Another shoe dropped last night in the case of Councilman Dick Furstenau's lawsuit against the city he represents. The CEO of the Naperville Area Chamber of Commerce - on behalf of the organization's 2,000 members - read a letter which basically questioned the ability of the Council to govern fairly under the cloud of this lawsuit. The Chamber's letter, in part, read: "Our concern is whether this specific lawsuit has created a conflict of interest between the city and our elected representatives, and if the process of governing can continue in an impartial and fair manner..." In reaction to the statement, Furstenau said he was "not intimidated" while acknowledging that everyone is entitled to his or her opinion. Well, what about the opinion of the 2,000 members of the Chamber of Commerce? That's a lot of opinions and they certainly must matter to a lot of the Naperville community. Also, last night it was acknowledged that the city is seeking outside counsel to handle the Furstenau case. Outside counsel doesn't come cheap. Is this the kind of government that's "for and by the people?" Thoughts, anyone?
This summer it was the turtles, porpoises and all those other whimsical sea creatures that graced downtown Naperville for the sea-themed United Way sculpture fundraiser. And, last year it was the dragons that made great photo-ops for kids to hang all over as mom and dad snapped away. Themes are tough to think of every year so for this coming summer the United Way is seeking the community's input as to what kind of scuptures should be commissioned for the fundraiser. It' s a tough one - but we're sure there are plenty of creative Napervillians who might have a notion what to do next? For starters, how about scuptures of prominent Naperville figures? You could have life-size City Councilmen sprinkled around various street corners, or maybe Mayor Pradel (back when he was on the force) giving out a traffic ticket? That's just one idea but the United Way wants to hear about plenty of others. Tell us what you think would make for good sculptures next summer and we'll be sure to pass your ideas along to the United Way.
Naperville School District 203's administration is recommending the school board ask voters for a tax hike to fund improvements, including an $87 million renovation of Naperville Central High School. Now the question becomes, will the typical Naperville homeowner agree to pay another $82 a year for 20 years?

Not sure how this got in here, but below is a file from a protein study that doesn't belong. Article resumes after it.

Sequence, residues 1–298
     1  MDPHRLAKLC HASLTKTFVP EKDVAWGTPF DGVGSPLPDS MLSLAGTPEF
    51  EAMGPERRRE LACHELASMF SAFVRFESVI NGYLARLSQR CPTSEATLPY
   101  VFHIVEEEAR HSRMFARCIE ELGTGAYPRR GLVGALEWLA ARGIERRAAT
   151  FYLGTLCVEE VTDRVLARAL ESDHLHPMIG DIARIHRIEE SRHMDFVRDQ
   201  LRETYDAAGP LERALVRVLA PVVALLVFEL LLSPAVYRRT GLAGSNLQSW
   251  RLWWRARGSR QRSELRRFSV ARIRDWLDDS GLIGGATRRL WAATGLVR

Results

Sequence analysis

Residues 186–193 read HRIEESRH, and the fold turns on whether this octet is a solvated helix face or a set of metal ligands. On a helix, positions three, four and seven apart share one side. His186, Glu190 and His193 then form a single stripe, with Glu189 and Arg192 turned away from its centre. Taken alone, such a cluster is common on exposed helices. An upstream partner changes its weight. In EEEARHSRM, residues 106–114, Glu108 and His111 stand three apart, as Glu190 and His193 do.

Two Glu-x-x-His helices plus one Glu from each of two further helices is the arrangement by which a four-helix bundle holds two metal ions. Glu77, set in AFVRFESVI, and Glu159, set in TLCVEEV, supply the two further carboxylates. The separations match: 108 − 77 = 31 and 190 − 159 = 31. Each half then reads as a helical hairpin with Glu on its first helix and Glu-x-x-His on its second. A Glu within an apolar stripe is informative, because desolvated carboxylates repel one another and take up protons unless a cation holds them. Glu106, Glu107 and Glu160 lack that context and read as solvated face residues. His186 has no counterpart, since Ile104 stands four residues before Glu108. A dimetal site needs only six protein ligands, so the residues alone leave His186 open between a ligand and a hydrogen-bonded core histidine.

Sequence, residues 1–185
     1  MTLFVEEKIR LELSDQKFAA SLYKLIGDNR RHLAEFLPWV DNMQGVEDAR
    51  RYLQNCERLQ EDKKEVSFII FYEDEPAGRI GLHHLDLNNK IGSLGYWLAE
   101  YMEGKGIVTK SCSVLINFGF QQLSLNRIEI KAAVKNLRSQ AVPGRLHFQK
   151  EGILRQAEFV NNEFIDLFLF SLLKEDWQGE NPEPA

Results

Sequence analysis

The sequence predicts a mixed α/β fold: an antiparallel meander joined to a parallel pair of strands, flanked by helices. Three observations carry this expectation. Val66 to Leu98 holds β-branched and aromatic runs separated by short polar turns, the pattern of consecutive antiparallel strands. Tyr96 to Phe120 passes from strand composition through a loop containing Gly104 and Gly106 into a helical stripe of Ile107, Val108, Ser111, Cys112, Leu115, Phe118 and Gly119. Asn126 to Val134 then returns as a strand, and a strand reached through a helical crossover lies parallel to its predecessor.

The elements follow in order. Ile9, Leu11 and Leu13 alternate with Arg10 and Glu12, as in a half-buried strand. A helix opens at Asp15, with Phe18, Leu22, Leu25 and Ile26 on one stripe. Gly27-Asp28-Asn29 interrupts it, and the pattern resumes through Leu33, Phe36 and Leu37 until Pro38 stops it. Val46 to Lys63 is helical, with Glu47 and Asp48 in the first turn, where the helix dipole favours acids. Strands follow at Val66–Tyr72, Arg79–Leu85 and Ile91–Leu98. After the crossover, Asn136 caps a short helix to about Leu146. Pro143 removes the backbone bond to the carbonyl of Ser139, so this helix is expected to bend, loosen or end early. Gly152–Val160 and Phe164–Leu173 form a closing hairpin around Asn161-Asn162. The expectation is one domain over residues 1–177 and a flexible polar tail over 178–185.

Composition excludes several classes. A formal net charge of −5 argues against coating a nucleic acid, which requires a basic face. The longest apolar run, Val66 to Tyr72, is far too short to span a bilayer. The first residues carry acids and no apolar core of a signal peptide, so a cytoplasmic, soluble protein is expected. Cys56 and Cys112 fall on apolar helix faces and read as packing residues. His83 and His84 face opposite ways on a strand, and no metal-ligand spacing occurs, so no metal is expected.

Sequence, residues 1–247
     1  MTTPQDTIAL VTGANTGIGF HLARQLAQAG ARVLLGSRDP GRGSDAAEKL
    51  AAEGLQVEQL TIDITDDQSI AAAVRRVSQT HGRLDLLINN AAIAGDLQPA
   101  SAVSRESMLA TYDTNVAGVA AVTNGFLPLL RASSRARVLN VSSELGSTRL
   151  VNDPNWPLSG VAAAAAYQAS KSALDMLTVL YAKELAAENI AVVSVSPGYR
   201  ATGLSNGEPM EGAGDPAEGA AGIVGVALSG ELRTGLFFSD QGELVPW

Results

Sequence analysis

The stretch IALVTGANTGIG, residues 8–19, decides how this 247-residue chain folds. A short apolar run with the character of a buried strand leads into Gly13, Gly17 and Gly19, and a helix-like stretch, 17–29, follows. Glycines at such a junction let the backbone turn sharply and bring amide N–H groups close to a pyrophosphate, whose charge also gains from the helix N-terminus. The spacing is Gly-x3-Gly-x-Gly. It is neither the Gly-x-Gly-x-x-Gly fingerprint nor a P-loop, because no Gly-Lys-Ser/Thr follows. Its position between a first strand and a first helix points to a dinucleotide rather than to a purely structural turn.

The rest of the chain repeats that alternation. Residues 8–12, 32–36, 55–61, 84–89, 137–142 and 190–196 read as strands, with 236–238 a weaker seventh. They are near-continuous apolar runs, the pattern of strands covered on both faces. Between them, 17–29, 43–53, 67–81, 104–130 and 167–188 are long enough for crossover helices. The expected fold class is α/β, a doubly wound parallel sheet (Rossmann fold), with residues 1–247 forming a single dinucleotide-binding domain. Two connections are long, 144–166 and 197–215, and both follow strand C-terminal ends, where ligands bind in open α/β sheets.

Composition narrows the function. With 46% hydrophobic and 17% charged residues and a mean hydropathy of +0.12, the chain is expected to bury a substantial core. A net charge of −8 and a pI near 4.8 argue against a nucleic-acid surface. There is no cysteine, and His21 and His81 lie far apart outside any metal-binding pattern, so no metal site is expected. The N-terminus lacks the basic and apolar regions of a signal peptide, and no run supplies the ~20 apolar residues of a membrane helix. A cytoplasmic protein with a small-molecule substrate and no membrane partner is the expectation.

The Naperville School District 203 board and administration is considering redistricting--or redrawing attendance boundaries for some elementary schools--as a way of avoiding a costly expansion that would be needed to relieve overcrowding at Mill Street Elementary School. Many parents are upset about the plan because their children would have to switch schools. Is redistricting a better solution than expanding Mill Street?
In a story in Wednesday's Sun, District 204 School Board President Mark Metzger and Superintendent Steve Daeschner said they are negotiating with three landowners for a new site for the new Metea HS, given that the price of the original Brach Brodie land came in at such a high cost. The officials did not disclose the locations of the three sites being considered and said an announcement would be made when a deal is done. A new site also will likely mean new high school boundaries - something residents will remember as a very grueling process when it last took place in 2006. The question to be asked is do we need more public comment and input on the new sites, or should it be left up to the officials to just make an announcement after a "done deal." As also stated in the Wednesday Sun article, public comment at meetings is now held at the end of the given evening's agenda, forcing residents to stick around for as long as three hours before they can make their voice heard. Combine this with the "executive sessions" (closed to the public) that the board has been having on the location of the the new HS, is the public being given a real opportunity to have its say? After all, the residents of 204 are the ones who are going to have to live with and educate their kids in the new HS. Are they getting enough say about this critical issue? We'd like to know.